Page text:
A: We love our legends down heah in the South, and the image of the tough, proud Southern Belle is as enduring as Scarlett's turnip-eating-turning-point. I think most of the steel-magnolia image is just a grand puff of hot air---women *everywhere* are the foundation of strength in this world, in my humbly smug opinion. But some of the legend really does come from a cornerstone of truth, because so many Southern women -- of all sizes, shapes, backgrounds and colors -- were left to fend for themselves and their families after the Civil War. A lot of fiercely dedicated women grew out of that crucible, and we're not far removed from their influence. My grandmother was born in a post-Civil War farm family who had lost everything. She grew up with a grandfather and other elderly relatives who instilled in her both their horrible memories and their strength as survivors. The Civil War shaped my grandmother as if she'd seen it first-hand. And thus it shaped me, because I grew up under her tutelage. Of course, I'm a pansy-pantied pantywaist compared to the oldtimers. But I like to think I could rassle a Yankee to the ground and save Tara, if I had to.

Q: Did you base Hush McGillen, your wonderful lead in Sweet Hush, on anyone you know?

A: My lead female characters are always an outrageous exaggeration of my own alter ego. Meaning I only *wish* I had their outspoken courage and witty way with words--not to mention their voluptuous but cellulite-free behinds. Please note: you will rarely find skinny butted heroines in my novels. I'm on a crusade for the Jennifer Lopez Booty Society.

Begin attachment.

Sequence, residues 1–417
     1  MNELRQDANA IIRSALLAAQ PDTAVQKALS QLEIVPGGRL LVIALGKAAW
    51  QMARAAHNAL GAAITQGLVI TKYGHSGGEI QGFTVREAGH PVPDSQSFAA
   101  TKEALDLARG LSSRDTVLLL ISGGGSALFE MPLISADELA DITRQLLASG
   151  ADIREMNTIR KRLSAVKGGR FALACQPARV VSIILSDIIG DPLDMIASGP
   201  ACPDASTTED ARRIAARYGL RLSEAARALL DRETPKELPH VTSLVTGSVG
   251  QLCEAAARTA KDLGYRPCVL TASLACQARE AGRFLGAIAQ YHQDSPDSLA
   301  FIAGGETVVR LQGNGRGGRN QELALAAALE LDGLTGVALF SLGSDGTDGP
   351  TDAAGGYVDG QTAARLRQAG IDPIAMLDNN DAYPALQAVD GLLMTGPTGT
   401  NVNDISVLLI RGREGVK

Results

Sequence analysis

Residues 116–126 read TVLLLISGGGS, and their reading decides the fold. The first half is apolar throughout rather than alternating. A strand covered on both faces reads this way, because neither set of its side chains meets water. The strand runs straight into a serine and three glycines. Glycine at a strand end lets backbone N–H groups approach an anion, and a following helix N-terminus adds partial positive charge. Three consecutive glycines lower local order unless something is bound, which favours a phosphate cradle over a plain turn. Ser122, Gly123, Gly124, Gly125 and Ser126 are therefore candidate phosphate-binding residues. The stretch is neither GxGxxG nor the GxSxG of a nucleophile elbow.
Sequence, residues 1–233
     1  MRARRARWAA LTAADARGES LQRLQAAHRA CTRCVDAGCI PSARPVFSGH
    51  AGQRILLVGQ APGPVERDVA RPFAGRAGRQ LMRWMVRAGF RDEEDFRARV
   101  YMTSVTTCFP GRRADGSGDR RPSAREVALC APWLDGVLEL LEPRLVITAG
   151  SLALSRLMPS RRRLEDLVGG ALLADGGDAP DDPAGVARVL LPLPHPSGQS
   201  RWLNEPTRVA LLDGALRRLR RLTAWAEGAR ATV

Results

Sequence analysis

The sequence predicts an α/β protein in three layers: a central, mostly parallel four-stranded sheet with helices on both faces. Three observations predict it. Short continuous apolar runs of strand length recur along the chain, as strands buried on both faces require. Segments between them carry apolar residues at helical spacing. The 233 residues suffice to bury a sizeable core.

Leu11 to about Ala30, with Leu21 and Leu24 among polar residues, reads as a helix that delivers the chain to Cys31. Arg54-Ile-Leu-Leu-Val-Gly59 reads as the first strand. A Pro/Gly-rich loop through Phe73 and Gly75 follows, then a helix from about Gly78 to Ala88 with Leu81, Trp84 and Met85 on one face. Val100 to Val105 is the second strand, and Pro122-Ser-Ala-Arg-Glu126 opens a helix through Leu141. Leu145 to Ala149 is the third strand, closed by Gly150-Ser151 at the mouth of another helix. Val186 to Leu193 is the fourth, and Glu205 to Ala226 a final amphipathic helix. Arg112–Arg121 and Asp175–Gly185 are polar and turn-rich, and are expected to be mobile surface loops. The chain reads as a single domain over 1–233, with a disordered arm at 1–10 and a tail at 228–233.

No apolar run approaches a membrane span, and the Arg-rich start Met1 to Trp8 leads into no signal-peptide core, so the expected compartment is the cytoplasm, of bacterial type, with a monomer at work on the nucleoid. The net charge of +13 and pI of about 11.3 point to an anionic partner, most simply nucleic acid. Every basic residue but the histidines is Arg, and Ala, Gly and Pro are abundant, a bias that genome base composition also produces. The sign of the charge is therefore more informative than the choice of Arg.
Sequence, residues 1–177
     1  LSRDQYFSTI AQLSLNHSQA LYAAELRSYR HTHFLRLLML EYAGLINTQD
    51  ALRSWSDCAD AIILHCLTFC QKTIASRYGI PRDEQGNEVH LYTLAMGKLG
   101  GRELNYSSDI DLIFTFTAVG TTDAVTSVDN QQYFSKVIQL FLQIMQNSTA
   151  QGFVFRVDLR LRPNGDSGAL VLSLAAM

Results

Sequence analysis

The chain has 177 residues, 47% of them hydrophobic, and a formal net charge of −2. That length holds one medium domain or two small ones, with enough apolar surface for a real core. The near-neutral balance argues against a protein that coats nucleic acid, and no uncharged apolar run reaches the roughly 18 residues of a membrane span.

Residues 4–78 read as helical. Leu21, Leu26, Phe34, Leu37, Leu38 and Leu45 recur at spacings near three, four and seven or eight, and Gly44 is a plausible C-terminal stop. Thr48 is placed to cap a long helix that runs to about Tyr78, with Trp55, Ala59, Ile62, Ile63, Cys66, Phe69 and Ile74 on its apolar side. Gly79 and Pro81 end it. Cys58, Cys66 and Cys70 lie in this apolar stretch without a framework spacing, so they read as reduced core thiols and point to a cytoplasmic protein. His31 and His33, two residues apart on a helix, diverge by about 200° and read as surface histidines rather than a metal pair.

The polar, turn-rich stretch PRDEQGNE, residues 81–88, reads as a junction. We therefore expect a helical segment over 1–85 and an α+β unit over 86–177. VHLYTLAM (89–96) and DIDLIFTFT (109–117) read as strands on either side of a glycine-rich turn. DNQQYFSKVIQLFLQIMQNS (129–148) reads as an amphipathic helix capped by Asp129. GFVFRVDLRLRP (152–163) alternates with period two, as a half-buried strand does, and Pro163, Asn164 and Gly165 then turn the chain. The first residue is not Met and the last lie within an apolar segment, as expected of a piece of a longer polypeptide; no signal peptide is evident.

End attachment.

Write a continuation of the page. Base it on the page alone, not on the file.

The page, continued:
Q: Nick Jakobek, the president's nephew and the man everyone is counting on to straighten out the very unacceptable situation of his niece running of with an apple farmer's son, is what many readers might call a "damaged soul", a man with a dark and troubled past. What is it about this type of character that's so appealing to you -- and to readers?

A: I call it "saving the big bad wolf." Also "smooching the frog." There's something basic and timeless in the appeal of the kingly but cursed frog who can only be transformed by the kiss of the fairy princess. In goofy anthropological terms, we gals like to think we've won the toughest cave man in the clan. In portraying a heroic man as a respected loner and world-weary soul -- no fool, he -- the message is, "If a man that picky picks me, I must really be special."

But okay, I admit it: It's also just plain fun to write about misunderstood guys with the verbally challenged sweetness of a tusked troll. We'll talk about my tingly fascination with Gimli from
Lord of the Rings some other time.

Q: Some of the more memorable scenes in Sweet Hush were the ones between Hush and the first lady, Edwina Jacobs -- two tough lionesses who refuse to budge and who finally end up throwing rotten apples at each other. Those scenes were wonderful and had to be a lot of fun to write.